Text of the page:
Readers hit out at treatment of 101-year-old
UPDATE: Comments of criticism and support have flooded The Chronicle social media pages since the publication of Toowoomba Hospital's treatment of a 101-year-old woman going into palliative care.
Pechey man Richard Palmer was angry when he learned his dying mother, Enid Paton, had been transported by taxi from the hospital to palliative care in Crows Nest on October 2.
He contacted hospital management, who on Friday issued an unreserved apology for a breakdown in communication which led to Mrs Paton being accompanied by a nurse in a five-seat taxi to Crows Nest.
Toowoomba Hospital executive director Bernadatte Loughnane last week said in a statement all patients at Toowoomba Hospital were assessed by a team of doctors, nurses and allied health staff about the appropriate timing of discharge, mode of transport and follow-up care.
"Toowoomba Hospital staff will be reminded about the protocols surrounding patient discharge and to make these important assessments in conjunction with family members," she said.
>> read the Facebook comments here
A Facebook comment on the story from Kelly Armitage supported the hospital.
"I do agree it's not the hospital's fault; where were the family who should've been there if you want to blame someone look at them it's a shame her family weren't with her," the comment read.
"Toowoomba Base has been awesome when we've needed them for critical cases."
However, other readers were more critical.
"They should have more respect than that, shame on them," read a comment from Amanda McRae Schuback.
Toowoomba Hospital was contacted for further comment on the use of taxis for discharged patients but failed to respond.
EARLIER: Richard Palmer is angry about what he calls the undignified treatment of his dying 101-year-old mother when she was discharged from Toowoomba Hospital.
The hospital's executive has unreservedly apologised for the incident which has left Mr Palmer demanding answers about discharge procedures.
Mr Palmer, 67, said his mother Enid Paton had received excellent care during her stay at the hospital between September 29 and October 2 this year.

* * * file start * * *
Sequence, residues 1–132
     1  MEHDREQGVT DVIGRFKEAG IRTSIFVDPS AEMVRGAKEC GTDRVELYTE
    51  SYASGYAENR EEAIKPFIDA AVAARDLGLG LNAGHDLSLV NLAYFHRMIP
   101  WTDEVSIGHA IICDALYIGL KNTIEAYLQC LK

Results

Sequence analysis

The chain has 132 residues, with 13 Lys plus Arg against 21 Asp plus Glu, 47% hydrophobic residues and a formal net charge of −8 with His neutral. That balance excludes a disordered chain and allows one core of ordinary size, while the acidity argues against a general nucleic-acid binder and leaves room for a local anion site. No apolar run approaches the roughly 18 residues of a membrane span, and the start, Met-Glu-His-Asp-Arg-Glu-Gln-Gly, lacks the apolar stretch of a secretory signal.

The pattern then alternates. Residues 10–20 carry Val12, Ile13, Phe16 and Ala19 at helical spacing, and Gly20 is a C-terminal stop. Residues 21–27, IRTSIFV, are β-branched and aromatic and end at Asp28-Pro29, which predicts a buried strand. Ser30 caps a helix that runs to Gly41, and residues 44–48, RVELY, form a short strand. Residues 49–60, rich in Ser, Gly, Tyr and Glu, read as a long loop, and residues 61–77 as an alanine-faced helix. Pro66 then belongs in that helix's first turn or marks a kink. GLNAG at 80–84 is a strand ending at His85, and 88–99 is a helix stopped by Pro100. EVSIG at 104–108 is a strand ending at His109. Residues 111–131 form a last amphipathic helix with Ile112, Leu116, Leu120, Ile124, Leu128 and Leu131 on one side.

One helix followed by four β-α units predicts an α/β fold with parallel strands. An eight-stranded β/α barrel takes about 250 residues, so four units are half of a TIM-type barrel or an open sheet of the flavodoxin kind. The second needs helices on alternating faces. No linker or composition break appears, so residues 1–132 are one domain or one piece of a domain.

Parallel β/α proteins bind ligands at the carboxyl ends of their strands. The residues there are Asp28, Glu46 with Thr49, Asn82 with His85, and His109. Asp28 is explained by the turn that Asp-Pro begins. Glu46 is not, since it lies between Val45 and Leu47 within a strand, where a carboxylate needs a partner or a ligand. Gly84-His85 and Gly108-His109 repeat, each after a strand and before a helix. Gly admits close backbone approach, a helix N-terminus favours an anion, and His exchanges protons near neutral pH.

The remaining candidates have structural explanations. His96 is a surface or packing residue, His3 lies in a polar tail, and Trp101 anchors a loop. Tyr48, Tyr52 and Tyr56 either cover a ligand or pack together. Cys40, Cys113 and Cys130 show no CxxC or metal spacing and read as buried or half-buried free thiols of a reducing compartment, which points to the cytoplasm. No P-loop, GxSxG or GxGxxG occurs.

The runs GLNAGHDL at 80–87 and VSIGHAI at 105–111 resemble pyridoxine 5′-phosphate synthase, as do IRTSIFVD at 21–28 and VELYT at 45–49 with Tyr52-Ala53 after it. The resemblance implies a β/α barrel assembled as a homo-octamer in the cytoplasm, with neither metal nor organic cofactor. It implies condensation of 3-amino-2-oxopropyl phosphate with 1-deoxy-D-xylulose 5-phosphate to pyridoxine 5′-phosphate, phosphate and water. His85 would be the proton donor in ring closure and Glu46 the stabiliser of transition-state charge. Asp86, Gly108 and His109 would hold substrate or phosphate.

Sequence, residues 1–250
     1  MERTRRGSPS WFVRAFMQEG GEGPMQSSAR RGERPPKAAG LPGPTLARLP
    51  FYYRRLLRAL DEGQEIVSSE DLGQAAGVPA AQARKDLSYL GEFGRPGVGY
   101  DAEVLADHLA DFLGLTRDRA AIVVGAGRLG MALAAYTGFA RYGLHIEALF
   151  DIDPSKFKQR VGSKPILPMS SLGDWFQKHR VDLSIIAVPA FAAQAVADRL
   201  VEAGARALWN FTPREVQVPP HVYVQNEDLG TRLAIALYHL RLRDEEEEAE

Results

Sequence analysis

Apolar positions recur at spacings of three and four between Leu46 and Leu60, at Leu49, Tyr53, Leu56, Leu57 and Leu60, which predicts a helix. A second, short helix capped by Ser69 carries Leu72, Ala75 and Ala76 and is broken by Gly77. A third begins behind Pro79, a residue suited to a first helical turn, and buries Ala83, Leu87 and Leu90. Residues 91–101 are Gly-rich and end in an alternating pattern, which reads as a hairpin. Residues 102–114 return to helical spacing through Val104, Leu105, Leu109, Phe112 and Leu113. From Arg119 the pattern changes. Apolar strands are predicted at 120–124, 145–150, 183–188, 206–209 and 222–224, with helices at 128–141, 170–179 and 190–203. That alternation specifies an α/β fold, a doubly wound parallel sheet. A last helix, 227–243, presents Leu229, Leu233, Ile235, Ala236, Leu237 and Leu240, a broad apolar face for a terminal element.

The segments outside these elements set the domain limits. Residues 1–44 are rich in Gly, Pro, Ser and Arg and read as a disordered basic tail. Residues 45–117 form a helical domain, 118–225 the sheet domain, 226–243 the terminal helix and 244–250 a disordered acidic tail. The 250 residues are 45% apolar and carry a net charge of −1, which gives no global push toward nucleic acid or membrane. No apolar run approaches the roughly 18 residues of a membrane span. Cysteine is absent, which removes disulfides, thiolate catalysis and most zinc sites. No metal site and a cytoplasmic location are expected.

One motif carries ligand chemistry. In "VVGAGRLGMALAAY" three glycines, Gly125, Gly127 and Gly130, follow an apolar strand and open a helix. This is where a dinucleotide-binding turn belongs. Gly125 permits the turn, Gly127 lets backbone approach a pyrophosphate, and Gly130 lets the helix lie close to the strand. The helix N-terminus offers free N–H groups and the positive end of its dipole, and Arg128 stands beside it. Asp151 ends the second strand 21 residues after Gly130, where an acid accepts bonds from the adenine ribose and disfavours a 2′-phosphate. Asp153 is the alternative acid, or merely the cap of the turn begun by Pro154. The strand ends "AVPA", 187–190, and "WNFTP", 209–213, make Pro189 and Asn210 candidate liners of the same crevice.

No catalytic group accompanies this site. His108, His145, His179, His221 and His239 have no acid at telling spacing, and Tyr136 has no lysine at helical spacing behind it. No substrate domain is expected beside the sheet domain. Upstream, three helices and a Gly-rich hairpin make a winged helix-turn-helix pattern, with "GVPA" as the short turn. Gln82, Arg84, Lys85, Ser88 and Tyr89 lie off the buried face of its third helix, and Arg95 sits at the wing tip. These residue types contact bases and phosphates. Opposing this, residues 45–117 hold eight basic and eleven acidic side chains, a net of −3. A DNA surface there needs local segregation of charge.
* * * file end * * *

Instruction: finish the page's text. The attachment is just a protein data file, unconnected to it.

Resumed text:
However, he said his good impressions of the hospital's care were ruined when his mother was put into a taxi to return to her Crows Nest nursing home for palliative treatment.
"I had talked to the doctor and the prognosis wasn't good," Mr Palmer said.
His mother was suffering from pneumonia, renal failure and poor liver function.
He said he was told a nurse would accompany her in a maxi taxi for the return to Crows Nest.
After being told this, Mr Palmer assumed no ambulances had been available.
"It was about 6pm when she arrived at the nursing home."
He was told she had arrived accompanied by a nurse in a regular five-seat taxi.
"They had a hell of a time getting her out because she is very frail."
She was moved into palliative care the next day and died a week later in the early hours of October 10.
"I'm not the least bit impressed with the final discharge.
"She is old, but she is a person and a human being at the same time.
"To put someone in that medical condition in a taxi is disgusting and something has to be done about it.
"I just want to make sure it doesn't happen again to anybody."
A Department of Community safety spokeswoman said records showed the hospital did not request an ambulance to transport Mrs Paton back to Crows Nest.
Toowoomba Hospital Executive Director Bernadatte Loughnane said an initial investigation into the case found there was a breakdown in communication in the discharge process.
"I apologise unreservedly to Mr Palmer about the discharge of his mother via taxi from Toowoomba Hospital," she said.
"Toowoomba Hospital staff will be reminded about the protocols surrounding patient discharge and to make these important assessments in conjunction with family members."